The urgency of the budget cuts already had an impact on the existing positions around UW system schools. Only a couple of weeks after the announcement of the budget plan, UW-Stevens Point suspended all funding for Women's and Gender Studies courses for the 2015-2016 academic year. On February 11, at a campus forum with custodial and blue-collar workers, UW-Madison Chancellor Blank did not hesitate to announce that the first round of lay-off notifications would go out as early as April (Glaze and Punzel, 2015). Blank added that while she was not yet sure about the sizes of the cuts, all campus units should expect the number to be around six percent (Simon, 2015).
Risky credit and labor resistance: Disciplining unruly subjects
S&P’s approach to higher education investing, which once seemed full of secure promise now takes a cautious tone. Indeed the recent report notes that, ‘Beyond the general risk management planning that most colleges and universities have been doing for the past several years, recent events have increased the focus on topics such as student safety and on-campus violence, National Collegiate Athletic Association (NCAA) violations, and cyber security’ (S&P, 2015: 3). These recommendations have less to do with student safety than they do investment returns. In a recent presentation about the shift towards risk-averse investment practices, Amanda Armstrong, a post-doctoral fellow at the University of Michigan, carefully detailed how financial advisers are now backtracking from their previous enthusiasm for the university as a site for investment. Influential financial advisers (the firm KPMG) in the University of California System, for example, acknowledge that:
[Earlier] ratios had not been conservative enough to protect against financial meltdowns, and even that university managers probably shouldn’t have been relying on abstract ratios in making investment decisions in the first place. [...] In their contextualist 2010 edition, the only advice the KPMG authors confidently assert is that central administrators must systematically incorporate a “risk management” framework into all dimensions of university governance, lest they be caught off guard again by financial or other shocks. (Armstrong, 2015)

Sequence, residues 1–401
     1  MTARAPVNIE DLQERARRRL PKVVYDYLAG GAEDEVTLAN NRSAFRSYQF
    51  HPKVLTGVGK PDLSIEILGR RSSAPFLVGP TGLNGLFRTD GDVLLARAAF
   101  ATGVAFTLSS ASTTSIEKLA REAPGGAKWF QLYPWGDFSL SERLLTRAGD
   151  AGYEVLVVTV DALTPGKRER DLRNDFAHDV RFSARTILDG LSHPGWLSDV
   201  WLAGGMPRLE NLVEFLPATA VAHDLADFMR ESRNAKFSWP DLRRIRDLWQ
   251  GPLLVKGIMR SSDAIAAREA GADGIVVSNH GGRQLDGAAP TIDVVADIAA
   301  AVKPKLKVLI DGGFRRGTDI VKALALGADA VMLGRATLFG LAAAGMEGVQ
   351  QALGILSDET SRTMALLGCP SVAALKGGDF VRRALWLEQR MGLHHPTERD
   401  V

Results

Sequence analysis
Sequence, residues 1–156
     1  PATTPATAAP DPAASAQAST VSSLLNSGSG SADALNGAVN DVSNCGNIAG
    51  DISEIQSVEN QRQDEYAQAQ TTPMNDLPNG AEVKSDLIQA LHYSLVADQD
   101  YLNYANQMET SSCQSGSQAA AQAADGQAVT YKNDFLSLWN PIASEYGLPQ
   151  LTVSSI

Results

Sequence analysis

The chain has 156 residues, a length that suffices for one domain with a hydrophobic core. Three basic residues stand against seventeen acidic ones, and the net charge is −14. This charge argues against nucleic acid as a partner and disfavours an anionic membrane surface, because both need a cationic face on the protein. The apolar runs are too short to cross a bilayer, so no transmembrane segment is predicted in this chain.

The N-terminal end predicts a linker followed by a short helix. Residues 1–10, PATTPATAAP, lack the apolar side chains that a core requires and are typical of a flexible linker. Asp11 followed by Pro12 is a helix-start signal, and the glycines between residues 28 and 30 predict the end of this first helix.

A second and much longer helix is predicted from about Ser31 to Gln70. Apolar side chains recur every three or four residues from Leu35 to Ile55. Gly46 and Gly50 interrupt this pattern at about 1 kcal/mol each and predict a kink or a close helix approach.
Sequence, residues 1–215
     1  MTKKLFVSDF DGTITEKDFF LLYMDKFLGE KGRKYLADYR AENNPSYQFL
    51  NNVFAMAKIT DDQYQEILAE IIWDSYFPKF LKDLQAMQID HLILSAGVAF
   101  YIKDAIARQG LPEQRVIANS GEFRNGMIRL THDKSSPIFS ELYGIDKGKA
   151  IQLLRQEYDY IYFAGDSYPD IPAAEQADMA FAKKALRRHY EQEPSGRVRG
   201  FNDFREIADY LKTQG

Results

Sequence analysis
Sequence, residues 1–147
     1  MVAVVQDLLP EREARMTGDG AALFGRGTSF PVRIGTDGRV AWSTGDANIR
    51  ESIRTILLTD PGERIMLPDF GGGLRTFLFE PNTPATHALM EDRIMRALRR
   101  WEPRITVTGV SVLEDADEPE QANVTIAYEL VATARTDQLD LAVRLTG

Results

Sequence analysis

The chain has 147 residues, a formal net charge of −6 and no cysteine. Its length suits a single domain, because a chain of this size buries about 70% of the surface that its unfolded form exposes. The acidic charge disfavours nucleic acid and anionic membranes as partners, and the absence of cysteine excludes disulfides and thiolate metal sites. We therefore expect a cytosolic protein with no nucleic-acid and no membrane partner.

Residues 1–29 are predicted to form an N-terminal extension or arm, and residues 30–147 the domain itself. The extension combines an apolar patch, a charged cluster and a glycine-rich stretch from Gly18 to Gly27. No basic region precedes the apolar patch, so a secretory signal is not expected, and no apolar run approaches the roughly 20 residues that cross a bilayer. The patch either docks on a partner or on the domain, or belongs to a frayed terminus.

Armstrong goes on to detail the ways in which these risk-averse practices have been translated into new bonding and leasing structures at the university but also how university campuses are being policed. She notes that under the leadership of former Chief of Homeland Security Janet Napolitano, the University of California System has increased attention on ‘non-affiliates’ or ‘people perceived as having no direct tie to the university’, whose presence on campus is considered to be ‘a factor that increases the risk profile of a given event’ (Armstrong, 2015). As a ‘highly sexualized, racialized, and criminalized’ figure, the ‘non-affiliate’ has been used by the administration to defend the use of violence against political protesters (Reclaim UC, 2012), such as in the case of Occupy Davis when ‘UC Davis administrators, in justifying police violence against Occupy Davis protesters, attempted to associate the threat of sexual violence at occupy encampments with the presence of Oakland-based demonstrators on campus’ (Armstrong, 2015).
Despite the very real differences in the options available to the UW System for promoting universities as a site of investment, it appears that these risk-averse tendencies are also influencing how employees and students are being instructed to respond to the recent fiscal crisis. Thus, the administration’s response to the proposed budget has been to discourage protest as a form of political participation, and even to remind employees that protest actions and organizing cannot happen during work hours. On February 14, 2015, the fourth anniversary of the ‘I Heart UW’ Rally that initiated the occupation of the Wisconsin Capitol in 2011 by thousands of protesters, a couple of hundred UW community members assembled to demonstrate against Governor Walker’s proposal to massively cut funding for Wisconsin’s higher education. However, as we pointed out in another article, during the protest UW-Madison’s Twitter page ‘was busy issuing valentines to UW,’ and ‘gave no hint that active resistance was being organized on its campus that day, despite its subsequent attention on the front page of the New York Times and in the Washington Post’ (Hanson et al., 2015). This is probably due, at least in part, to the fact that UW administrators actively discouraged resistance to the Governor’s budget proposal. Members of the UW Board of Regents also called for ‘non-emotional’ responses to the proposal (Schneider, 2015), ‘invoking language loaded with gendered and racialized norms about “acceptable” forms of dissent’ (Hanson et al., 2015).